Summer in the garden is the time of abundance. The reward for the labour of earlier in the year is paid off when the crops are ready to harvest. Peas and beans pop up all over the place with leguminous joy. The vine crops of tomatoes and cucumbers hang heavy and ripe turning the greenhouse into a jungle, and courgettes practice their camouflage skills hoping to hide and grow into big, fat marrows. At the height of summer I need to harvest every day, whether that be salad crops, peas and beans, tomatoes or those prolific courgettes, masters of disguise.
This abundance is something that I find amazing about the garden. We harvest and it gives us more. And more, and more. The generosity of nature is wonderful. My role as caretaker of the garden is to make sure that the plants have all they need, to be their primary carer as it were, but they give back so much – food to eat, and plants and herbs for medicine. Peppermint for digestion, lemon balm for headaches and chamomile for hay fever to name a few common ones.
And all this abundance starts from a tiny seed. My purple sprouting broccoli plants were one of my greatest teachers in the garden in my first year. Those plants took a whole season to grow – I sowed the seeds in March, transplanted the young plants in July and then nurtured them throughout the autumn and winter. By February they were five feet tall – only a few inches shorter than me! And then they produced their delicious purple sprouts. I’d had no idea that purple sprouting broccoli could grow so tall or took so long to come into fruition. Of course, there are other, quicker, earlier cropping varieties, but I feel that I learnt a lot from that plant. And the fact that each of those huge plants came from a tiny seed that is about a millimetre – the size of a pin head – is amazing.
I think it’s really important that we remind ourselves that all our fruit and vegetables come from seeds. One way you can do this which is fun for you and your children to start rebuilding the connection is to save the seeds from vegetables that you have eaten and enjoyed and plant them up the following spring. Next time you have a lovely squash from the farmers market save the seeds and pot them up. It really is that simple. When I’m planting my crops it makes me smile to remember that a pea seed is, well, a pea! The pea is the seed.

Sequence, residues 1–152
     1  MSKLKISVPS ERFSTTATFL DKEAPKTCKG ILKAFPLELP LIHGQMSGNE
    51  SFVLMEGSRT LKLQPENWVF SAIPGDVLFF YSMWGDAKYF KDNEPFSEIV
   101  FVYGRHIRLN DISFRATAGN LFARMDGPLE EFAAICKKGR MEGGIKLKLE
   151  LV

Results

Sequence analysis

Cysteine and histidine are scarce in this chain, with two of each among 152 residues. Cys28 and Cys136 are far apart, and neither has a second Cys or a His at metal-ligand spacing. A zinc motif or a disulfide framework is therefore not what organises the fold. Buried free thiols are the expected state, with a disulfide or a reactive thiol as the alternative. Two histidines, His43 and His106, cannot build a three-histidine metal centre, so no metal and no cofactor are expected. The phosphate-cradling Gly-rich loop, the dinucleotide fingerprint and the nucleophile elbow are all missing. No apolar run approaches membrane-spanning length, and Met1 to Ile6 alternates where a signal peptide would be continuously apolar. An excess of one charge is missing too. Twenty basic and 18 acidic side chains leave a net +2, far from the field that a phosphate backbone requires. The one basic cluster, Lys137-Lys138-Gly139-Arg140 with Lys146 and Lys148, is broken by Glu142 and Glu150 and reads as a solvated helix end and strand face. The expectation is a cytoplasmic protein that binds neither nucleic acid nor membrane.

Last summer the grass in my main field grew so high that my niece and nephew ran around with their Mum playing “Epic Hide and Seek” for hours. This year they’re not as lucky because I’m not letting it grow so high. But another benefit of their epic hide and seek was that they spread about the seeds from the leeks which had flowered and gone to seed. So this year I’ve got a bunch of leeks in the field which have self-seeded and I’ve not had to do anything to them.
Sometimes we can worry too much: have I done this right, is this planted in the right place, in the right conditions? We need to let go more, turn life into an epic game of Hide and Seek and wild sow a few seeds at the same time.
And talking of epic games, here’s a suggestion for the champion of epic hide and seek – the courgette, and its friend the pea seed: Courgette, pea and mint risotto.
Courgette, pea and mint risotto
Risotto is a regular meal at Oakcroft. It’s so simple and tasty and can be adapted to include all manner of vegetables which makes it a handy basic recipe to have in your repertoire. The risotto can be made in four simple steps and you can mix and match the vegetables and herbs to your own tastes and what you’ve got in the fridge.
The recipe below makes two generous portions and is easily doubled and halved. It only takes about 25 minutes to make from start to finish.
160g Risotto rice
½ litre vegetable stock
1 small chopped onion
Small glass of dry white wine (optional)
1 Medium Courgette, chopped
Handful of peas
Few sprigs of mint
Freshly grated cheese
- Melt the butter and sauté the onion until soft. Add the courgette and sauté with the onion for a few minutes until it starts to soften and brown. Add the rice and toss it around the pan to coat it in the butter and vegetable mixture.
- Add the wine if using and stir until it evaporates. Add a ladleful of hot stock and simmer until all the stock is absorbed. Add the peas and stir. NB: if using fresh peas add these towards the end of the cooking time as they won’t take as long to cook as frozen.
- Continue adding the stock and waiting until it’s absorbed before adding the next ladleful. This is the trick to making a really tasty risotto. Don’t be in a hurry to add all the stock at once and don’t have the heat up too high as you don’t want it to stick to the bottom of the pan. Turn the heat to medium high and reduce it if necessary. Keep stirring to prevent it from sticking to the pan. After about 15 minutes or so the grains of rice should be tender, creamy and soft but still firm in the centre.
- Stir in the parmesan, test for seasoning then cover and leave for 2 minutes.
Veganise it: This recipe is very easy to adapt if you’re vegan or don’t eat dairy. Just use a non-dairy spread instead of the butter in step one and skip the cheese in step four. You could also sprinkle it with some chopped pine nuts or almonds for added flavour if you like.
Serving Suggestion: Serve with a large green salad; baby salad leaves, rocket and sorrel is a particularly tasty mix. And how about sprinkling over some chive flowers for a pretty and oniony boost to your salad as a change from spring onions.